Since the Search and Rescue role was taken over the Maritime and Coastguard Agency, the SAR Demonstration has become a rare thing even at seaside airshows. The Wales Airshow however bucked this trend with a display from the locally based MCA helicopter unit flying a Leonardo AW139 from St Athan. The crew conducted a number of close flypasts before conducting a brief beach landing in front of the crowds.
The military action which dominated the latter half of Saturday’s displays saw contributions from all services and also a number of historic displays. The 100th Anniversary of the Royal Air Force and the end of the First World War was marked by a trio of aircraft from the Great War Display Team. The lack of a suitable grass strip near to the Swansea display site meant the team were restricted to types that had tailwheels so their display was a short dogfight pitching a solitary Junkers CL1 monoplane against a pair RAF SE5s.
Two displays marked World War Two heritage. A later addition to the Wales Airshow line-up was the Hangar 11 Collection’s North American P-51D Mustang flown by Peter Teichman. Originally, Plane Sailing’s Catalina had been booked to appear at Swansea but engine issues have grounded the aircraft. It was therefore very welcome that Peter was able to change his plans to fly a very elegant display at Swansea at quite short notice. The Royal Air Force’s Battle of Britain Memorial Flight completed the Second World War era. Saturday’s display saw just the pair of Supermarine Spitfire Vb AB910 and Hawker Hurricane IIc appear as the Avro Lancaster was unserviceable. However, the BBMF engineers worked into the night and Sunday’s display saw all three aircraft appear.
The Royal Navy’s contribution came from the Fly Navy Heritage Trust’s Hawker Sea Fury T20 flown by Lt Cdr Chris Gotke. The Sea Fury missed the Seond World War, but was used on operations by the Royal Navy in the Korean War. The T20 version was used by the Royal Navy as a weapons trainer for pilots going on to fly the single seat variants.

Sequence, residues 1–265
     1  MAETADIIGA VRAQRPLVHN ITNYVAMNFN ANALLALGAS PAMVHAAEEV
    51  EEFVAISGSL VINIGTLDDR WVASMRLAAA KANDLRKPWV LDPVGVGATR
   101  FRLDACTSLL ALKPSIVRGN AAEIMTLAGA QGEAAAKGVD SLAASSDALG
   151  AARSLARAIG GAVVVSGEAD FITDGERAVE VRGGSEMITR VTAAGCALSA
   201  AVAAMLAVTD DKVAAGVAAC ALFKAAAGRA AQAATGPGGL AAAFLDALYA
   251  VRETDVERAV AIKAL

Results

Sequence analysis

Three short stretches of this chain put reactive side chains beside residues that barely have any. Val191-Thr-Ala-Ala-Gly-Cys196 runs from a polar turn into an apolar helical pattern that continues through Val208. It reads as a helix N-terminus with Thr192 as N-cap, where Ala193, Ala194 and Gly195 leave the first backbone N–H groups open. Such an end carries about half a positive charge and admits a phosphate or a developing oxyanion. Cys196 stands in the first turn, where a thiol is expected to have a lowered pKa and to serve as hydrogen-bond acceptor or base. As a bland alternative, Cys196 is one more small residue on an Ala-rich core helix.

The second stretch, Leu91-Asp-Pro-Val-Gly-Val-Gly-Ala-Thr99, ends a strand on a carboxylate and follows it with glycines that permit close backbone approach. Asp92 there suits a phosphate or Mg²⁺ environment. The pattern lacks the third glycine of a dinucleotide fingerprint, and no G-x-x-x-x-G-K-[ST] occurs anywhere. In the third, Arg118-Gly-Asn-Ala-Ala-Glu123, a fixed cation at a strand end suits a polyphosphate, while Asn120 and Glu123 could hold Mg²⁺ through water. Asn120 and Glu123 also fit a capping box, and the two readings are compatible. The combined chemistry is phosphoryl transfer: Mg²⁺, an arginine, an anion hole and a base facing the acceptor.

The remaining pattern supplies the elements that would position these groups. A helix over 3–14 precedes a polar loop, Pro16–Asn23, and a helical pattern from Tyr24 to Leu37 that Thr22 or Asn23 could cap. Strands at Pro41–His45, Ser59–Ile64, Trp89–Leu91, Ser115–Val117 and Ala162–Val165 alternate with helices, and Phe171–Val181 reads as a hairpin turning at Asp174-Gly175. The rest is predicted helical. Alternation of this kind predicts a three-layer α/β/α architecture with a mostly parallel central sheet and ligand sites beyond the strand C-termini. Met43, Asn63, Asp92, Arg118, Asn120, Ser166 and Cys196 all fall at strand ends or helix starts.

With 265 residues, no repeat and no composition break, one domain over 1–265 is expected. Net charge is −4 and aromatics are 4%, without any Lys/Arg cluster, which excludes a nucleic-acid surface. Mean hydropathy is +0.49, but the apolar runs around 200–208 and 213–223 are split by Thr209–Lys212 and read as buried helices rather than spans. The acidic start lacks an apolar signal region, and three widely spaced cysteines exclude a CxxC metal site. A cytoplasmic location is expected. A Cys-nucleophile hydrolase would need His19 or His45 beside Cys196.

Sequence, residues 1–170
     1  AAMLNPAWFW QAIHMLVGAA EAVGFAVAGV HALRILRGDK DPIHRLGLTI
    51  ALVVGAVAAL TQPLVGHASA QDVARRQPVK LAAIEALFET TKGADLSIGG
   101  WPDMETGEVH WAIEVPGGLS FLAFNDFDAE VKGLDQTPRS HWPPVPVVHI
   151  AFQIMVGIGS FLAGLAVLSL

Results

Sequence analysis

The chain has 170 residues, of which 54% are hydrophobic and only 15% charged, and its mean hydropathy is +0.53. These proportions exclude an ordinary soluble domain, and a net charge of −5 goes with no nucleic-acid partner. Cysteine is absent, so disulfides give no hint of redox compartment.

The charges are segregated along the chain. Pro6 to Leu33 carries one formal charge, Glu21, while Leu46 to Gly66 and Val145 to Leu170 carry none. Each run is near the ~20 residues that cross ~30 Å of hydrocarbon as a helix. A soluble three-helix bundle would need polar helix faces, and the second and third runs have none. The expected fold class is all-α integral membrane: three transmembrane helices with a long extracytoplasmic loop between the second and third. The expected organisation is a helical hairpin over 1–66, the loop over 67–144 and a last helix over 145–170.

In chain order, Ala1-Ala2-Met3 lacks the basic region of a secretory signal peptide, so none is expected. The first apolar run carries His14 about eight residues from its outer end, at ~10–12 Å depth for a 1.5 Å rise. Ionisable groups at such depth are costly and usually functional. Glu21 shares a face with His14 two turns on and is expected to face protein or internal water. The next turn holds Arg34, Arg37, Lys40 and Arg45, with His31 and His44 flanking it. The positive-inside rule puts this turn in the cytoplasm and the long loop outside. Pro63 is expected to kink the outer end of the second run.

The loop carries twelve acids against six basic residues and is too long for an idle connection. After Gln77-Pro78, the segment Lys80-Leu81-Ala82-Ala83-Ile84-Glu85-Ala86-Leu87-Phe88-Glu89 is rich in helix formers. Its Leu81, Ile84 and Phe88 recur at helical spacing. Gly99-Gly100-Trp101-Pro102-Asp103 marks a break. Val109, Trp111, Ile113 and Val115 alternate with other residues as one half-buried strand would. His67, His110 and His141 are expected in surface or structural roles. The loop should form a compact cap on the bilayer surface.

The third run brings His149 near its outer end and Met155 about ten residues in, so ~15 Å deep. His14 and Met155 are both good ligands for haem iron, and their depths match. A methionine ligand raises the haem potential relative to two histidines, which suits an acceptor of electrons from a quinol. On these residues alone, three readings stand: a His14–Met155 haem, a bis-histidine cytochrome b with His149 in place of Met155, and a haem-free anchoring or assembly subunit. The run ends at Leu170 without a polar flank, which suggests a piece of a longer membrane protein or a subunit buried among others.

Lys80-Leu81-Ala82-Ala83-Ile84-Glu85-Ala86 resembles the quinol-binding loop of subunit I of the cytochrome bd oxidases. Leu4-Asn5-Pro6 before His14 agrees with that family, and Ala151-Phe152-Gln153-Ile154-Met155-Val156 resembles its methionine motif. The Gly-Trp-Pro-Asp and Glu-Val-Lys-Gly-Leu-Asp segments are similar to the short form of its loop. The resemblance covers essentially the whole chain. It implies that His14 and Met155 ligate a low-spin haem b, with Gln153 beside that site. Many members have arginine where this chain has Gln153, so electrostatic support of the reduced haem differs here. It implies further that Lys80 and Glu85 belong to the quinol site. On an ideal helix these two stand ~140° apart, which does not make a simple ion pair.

The Tigers Army Parachute Display Team from the Princess of Wales Royal Regiment were the solo representatives of the British Army in the flying programme. They presented a very different display to that of the Falcons flying in various flags and also performing some exciting relative canopy work o their way into the arena.
The modern day Royal Air Force was represented by four very different displays. The first RAF aircraft for many aspiring pilots is the Grob Tutor T1 which was put through a smooth aerobatic routine by Flt Lt Andy Sell. More crowd- pleasing displays representing the front line came from the Boeing Chinook HC6A and the Eurofighter Typhoon FGR4. However, it was the Red Arrows that were the highlight of the weekend. The clear blue skies on Saturday evening over the bay provided the ultimate stage for the team to perform their full centenary display. A really nice touch to their 2018 display is the show closing “Centenary Pass” which sees the team paint an underlined ‘100’ in the sky with their smoke which looked fantastic set against the Port Talbot and Mumbles headlands.
Swansea Bay is a lovely place to watch some flying displays, if a little challenging for photography. Despite the very large crowds and very warm weather on the Saturday, the whole event had a very relaxed and chilled feel to it which made for a very enjoyable day.